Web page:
daniel andrews in front of TV screen showing melbourne postcodes
Victorian Premier Daniel Andrews (Image: AAP/James Ross)

The failure of the US to not predict the September 11 terrorist attacks has been described as a failure of imagination more than a failure of intelligence.

The ongoing COVID-19 disaster in Victoria is arguably a failure of both.

While the rest of Australia has come close to eliminating the virus, Victoria is reporting upwards of 400 new cases each day and will soon become the record holder for the world’s longest lockdown. Even worse, the virus is running rampantly through aged care centres and may result in thousands of deaths. 

Almost everything that has gone wrong has been utterly predictable — the lack of solutions has been a drastic failure of imagination. While the failure to maintain a satisfactory quarantine has been Victoria’s most prominent health disaster, that hasn’t been the only foreseeable error. Victoria’s testing failures have been almost equally culpable.

While most countries have failed on the testing front (with only the odd honourable exception like Iceland and Singapore), there are actually two issues with testing.

First, the volume of tests. In this case, Victoria started far too slowly and even saw a period where it slowed in early June, falling from May’s peak daily testing rate 33,000.

But the number of tests is only half the problem. Arguably even more important is the speed of testing. On Wednesday, Premier Daniel Andrews castigated Victorians for flouting isolation rules: “If you feel sick, get tested, and get tested quickly. Then while you’re waiting for your result, wait for your result at home. Away from other people. Not at the supermarket. Not at work. Not anywhere else.”

The problem? If you get a COVID test in Victoria, it can take one to five days to get your results back. Very few people, acting in their own rational self-interest would both get tested and then fully isolate their entire family over that period when the results are overwhelmingly negative. (Even more so if you’ve got a low or uncertain income, kids at childcare or are younger and less at risk of serious health issues.)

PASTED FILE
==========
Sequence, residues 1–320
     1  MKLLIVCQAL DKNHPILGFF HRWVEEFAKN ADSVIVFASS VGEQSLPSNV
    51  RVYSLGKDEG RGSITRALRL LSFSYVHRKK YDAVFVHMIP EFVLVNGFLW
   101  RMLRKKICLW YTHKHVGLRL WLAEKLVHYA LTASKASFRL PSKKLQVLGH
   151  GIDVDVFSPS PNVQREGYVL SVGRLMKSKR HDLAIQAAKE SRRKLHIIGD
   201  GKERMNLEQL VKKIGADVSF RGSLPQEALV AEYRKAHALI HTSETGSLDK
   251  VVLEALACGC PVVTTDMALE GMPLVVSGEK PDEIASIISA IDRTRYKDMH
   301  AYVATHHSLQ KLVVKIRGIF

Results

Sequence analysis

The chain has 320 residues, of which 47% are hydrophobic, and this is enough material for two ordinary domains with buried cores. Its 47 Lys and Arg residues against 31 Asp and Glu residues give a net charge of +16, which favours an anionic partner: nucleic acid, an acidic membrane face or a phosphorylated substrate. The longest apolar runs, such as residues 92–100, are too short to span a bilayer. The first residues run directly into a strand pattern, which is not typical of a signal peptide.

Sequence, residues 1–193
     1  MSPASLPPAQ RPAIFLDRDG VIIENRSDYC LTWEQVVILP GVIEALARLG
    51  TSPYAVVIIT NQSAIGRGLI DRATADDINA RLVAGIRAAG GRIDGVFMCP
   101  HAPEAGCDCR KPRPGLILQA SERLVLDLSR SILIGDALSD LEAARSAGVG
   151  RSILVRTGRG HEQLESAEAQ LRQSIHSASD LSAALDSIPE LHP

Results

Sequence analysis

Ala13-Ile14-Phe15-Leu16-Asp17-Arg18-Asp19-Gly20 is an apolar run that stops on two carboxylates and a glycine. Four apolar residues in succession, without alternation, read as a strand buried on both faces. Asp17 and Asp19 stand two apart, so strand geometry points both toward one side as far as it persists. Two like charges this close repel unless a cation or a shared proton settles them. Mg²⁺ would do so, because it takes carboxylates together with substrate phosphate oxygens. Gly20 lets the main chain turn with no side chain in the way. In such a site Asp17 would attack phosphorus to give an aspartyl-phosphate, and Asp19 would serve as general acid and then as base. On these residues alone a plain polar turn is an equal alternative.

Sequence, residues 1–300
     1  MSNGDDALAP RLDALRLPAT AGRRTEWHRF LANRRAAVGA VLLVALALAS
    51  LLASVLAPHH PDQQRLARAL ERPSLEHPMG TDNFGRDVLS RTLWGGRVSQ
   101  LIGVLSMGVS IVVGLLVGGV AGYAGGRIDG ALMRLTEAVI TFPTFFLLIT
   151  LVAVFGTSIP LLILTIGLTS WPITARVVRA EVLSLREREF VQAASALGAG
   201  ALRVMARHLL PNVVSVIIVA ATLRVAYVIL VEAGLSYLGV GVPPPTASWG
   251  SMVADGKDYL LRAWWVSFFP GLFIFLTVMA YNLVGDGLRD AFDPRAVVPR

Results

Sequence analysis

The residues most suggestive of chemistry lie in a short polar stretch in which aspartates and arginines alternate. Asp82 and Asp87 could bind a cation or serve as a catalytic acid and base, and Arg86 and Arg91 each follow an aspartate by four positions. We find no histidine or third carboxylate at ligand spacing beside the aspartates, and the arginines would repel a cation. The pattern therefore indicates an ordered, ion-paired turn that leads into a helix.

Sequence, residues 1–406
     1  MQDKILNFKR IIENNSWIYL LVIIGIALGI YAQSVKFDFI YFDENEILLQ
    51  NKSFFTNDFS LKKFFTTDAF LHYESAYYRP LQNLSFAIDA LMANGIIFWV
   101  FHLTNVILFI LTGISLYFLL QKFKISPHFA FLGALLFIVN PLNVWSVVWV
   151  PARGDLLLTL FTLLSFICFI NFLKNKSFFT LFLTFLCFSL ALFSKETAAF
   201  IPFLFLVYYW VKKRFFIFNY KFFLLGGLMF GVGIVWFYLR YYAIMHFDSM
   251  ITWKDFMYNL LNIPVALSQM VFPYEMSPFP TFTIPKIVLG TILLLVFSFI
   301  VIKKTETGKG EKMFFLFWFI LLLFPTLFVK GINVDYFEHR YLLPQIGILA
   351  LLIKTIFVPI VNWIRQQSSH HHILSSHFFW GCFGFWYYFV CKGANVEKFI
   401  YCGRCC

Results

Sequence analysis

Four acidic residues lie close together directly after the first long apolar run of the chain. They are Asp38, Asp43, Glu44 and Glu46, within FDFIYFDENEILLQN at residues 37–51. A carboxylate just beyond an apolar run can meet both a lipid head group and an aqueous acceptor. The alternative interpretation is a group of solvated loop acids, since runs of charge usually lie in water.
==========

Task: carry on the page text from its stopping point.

That means tens of thousands of asymptomatic carriers are continuing to work and shop across Melbourne. 

Rather than criticise people for behaving rationally, the smart response would be investing far more heavily in testing infrastructure to ensure all COVID test results are returned within 24 hours. This would lead to a huge increase in compliance. One day off work or childcare is bearable, five days can be catastrophic.

Estimates suggest the second wave in Victoria will cost the country at least $3 billion. Going by Bloomberg’s estimate that commercial COVID tests cost around US$50-$100 each, it could be argued that Victoria could test every person in Melbourne for upwards of $500 million — a fraction of the cost of the continuing lockdown.

Likewise, investing in far quicker test results, while more costly in the short term, is almost certainly going to provide a huge return. This is how China got its second wave under control in Beijing, after it tested 2.3 million people in nine days.

Less blaming, Dan, and more testing.

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Peter Fray
Peter Fray
Editor-in-chief of Crikey
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